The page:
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IOE Blog


Expert opinion from IOE, UCL's Faculty of Education and Society


A more collaborative learning design is transforming Arabic MOOCs

By Blog Editor, IOE Digital, on 20 February 2020

Eileen Kennedy and Mustafa Habib.

In February 2019 UCL ran its first Arabic MOOCs (Massive Open Online Course) on the Edraak platform, which provides free online learning in Arabic. One year later, we are about to launch the second run of our flagship course for teachers, Transforming Education in Challenging Environments / Educators for Change.

Our aim for this MOOC was to scale up professional development for teachers working in challenging environments, particularly those affected by conflict and mass displacement.

Teachers in such contexts can be highly dedicated professionals, but they are in short supply and may have moved into teaching from other professions. Schoolteachers in the refugee camps in Lebanon, for example, have formerly been engineers, doctors, artists, builders – people from all walks of life.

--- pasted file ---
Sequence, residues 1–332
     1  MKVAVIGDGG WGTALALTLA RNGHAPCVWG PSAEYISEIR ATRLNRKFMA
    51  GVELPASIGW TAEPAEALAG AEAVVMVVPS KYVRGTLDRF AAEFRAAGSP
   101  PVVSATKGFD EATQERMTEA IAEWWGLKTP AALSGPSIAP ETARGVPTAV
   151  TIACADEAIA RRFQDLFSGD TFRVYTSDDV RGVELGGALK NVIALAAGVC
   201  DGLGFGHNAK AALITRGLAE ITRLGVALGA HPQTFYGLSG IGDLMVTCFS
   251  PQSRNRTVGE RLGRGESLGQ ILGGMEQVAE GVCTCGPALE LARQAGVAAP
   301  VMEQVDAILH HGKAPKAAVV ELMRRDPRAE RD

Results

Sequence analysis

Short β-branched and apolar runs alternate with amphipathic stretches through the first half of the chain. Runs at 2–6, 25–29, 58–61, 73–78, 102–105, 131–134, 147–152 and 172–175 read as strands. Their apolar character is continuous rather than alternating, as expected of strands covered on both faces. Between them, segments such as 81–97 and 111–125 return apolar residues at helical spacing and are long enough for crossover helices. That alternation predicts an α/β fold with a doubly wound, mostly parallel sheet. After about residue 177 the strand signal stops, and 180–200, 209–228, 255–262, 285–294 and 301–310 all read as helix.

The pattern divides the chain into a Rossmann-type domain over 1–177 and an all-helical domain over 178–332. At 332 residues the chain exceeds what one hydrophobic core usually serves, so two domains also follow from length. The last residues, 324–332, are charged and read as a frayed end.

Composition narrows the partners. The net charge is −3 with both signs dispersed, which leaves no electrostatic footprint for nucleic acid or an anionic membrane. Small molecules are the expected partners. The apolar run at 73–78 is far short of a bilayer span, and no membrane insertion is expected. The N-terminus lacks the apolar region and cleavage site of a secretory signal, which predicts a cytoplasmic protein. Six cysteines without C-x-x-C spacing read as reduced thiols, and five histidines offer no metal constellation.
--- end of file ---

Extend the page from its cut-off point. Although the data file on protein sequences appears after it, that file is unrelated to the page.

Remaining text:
But even experienced teachers need additional support to create transformative educational environments for often very vulnerable learners. In these circumstances, no-one is better placed to advise than other professionals struggling with – and overcoming – the same challenges. 


UCL’s first Arabic MOOC will bring education opportunities to refugees in Lebanon

By Blog Editor, IOE Digital, on 21 February 2019

Eileen Kennedy

English dominates the internet. Most MOOCs (Massive Open Online Courses) are available only in English. UCL has run many MOOCs with English language course providers such as FutureLearn. When you want to reach an Arabic speaking audience, however, you need to take a different approach. To reach as many participants as possible, UCL has created its first MOOC on the Edraak platform.

At the RELIEF Centre (for research and learning focused on inclusive growth and prosperity in Lebanon)we are investigating ways of fostering prosperity in places affected by mass displacement. Refugees account for over a quarter of the population of the small country of Lebanon. Such a massive influx of people puts extra pressure on an (more…)